Student View

Should Students Talk During Math?

Yes! Here are 4 ways to make it happen in your classroom

Melinda Villalovos

Arizona students learn from each other during a fishbowl activity during a math lesson.

Student discussion might seem obvious for ELA. But why is conversation so important in math? Quite simply, it activates more areas of the brain and helps deepen a student’s understanding of a mathematical concept.

How rich discussion helps math learning

As you know, children think about and solve problems in various ways. One child’s strategy may be totally different from another student's. Yet when students share their work and compare the similarities and differences, they’re having a rich mathematical conversation. This activates more areas of the brain compared to just listening and copying a teacher’s solving process step-by-step.

Math classroom set-ups are changing around our country. Students are no longer quietly sitting in rows, copying down a problem solved by their teacher. In schools throughout our country, many of the classrooms are set up in a group format. This allows for collaboration, productive struggle, and rich student-to-student discourse.

Working with hundreds of teachers as a K-8 math coach, I have seen many of them successfully implement these changes. When moving forward many teachers want their students to have rich mathematical conversations, but they’re not quite sure how to make it happen.

Here are 4 strategies I recommend that work in small-group or whole-group settings.

4 ways to encourage student-to-student discourse in your classroom

1. Whole-class Fishbowl (5 minutes): This works great when you want to discuss solving methods for a challenging problem or as part of a lesson.

First, have the class circle around a small group of students. The inside group is the fish. They share their solving strategies for a problem. The outside circle is the observer group. They watch, listen, and learn. With younger children we have them put their hands behind their back and ask that they listen quietly. This allows for the inner group—the fish—to discuss their solving process. Once the inner group is finished, the outside group can ask the inner group questions. There are a few ways to do this, though one way is to discuss similarities or differences in solving strategies. This keeps the pace and engagement high throughout the lesson.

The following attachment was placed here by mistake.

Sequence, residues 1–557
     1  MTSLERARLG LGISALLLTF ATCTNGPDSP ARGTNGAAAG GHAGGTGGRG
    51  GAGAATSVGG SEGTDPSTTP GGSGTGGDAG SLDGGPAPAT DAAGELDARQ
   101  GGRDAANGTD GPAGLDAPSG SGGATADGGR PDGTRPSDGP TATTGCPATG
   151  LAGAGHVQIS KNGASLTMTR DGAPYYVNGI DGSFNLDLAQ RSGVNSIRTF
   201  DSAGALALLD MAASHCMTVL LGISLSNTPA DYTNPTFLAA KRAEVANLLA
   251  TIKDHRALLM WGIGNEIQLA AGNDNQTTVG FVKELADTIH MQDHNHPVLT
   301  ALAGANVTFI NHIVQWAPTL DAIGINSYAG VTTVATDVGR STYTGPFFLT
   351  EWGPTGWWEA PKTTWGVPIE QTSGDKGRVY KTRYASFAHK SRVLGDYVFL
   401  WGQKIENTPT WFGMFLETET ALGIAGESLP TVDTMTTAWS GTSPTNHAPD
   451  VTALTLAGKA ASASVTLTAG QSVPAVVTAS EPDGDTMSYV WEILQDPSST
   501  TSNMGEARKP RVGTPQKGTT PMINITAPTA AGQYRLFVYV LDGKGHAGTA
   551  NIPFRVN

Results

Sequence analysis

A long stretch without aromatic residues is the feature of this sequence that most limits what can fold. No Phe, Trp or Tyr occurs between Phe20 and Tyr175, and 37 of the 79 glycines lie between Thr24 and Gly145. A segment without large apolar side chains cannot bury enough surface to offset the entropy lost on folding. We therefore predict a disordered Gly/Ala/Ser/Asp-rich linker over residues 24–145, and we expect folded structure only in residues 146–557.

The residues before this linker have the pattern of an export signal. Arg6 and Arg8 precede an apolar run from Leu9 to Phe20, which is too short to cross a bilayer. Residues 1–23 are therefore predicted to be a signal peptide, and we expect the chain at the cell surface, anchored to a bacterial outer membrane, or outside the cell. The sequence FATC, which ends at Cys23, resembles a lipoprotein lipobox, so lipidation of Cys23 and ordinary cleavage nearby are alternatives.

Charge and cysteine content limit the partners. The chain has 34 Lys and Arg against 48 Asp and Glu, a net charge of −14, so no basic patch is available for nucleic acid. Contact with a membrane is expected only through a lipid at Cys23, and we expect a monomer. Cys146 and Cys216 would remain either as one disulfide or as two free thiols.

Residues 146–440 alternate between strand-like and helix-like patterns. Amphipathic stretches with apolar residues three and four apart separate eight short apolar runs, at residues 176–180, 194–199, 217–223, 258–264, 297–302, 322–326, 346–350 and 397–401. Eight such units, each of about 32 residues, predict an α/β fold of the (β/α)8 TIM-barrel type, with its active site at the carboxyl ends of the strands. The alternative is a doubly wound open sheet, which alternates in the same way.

You can see what I mean in the picture below.

Melinda Villalovos

2. Mini Fishbowls (5 minutes): Once students understand the expectations of a whole-class fishbowl, you can progress students to mini fishbowls. This allows you to have multiple mini-fishbowls going on at the same time across the classroom. You can have each mini fishbowl do the same problem or different problems (see below).

Melinda Villalovos

3. Send a Spy (1 minute): This works great when students are struggling with getting started on a problem. Allow one student from a group to quietly spy/observe what another group is doing. Then have the spy return and share with their own group what he or she learned on their mission.

4. Send an Expert (time varies): Give your quick problem solvers something to do by sending them as an expert to other groups or to individual students. This gives the expert an opportunity to share his or her thinking processes and solving strategies. You can also send an expert to find different strategies to add to his or her own problem-solving collections.

How do you enhance engagement and excitement in your math classroom? Share ideas by sending us an email!

Want more elementary math education tips and news? Check out Scholastic's archive.

Melinda Villalovos (@MmVillalovos) works on DynaMath and is currently the District Math Coach for Deer Valley Unified School District in Arizona.

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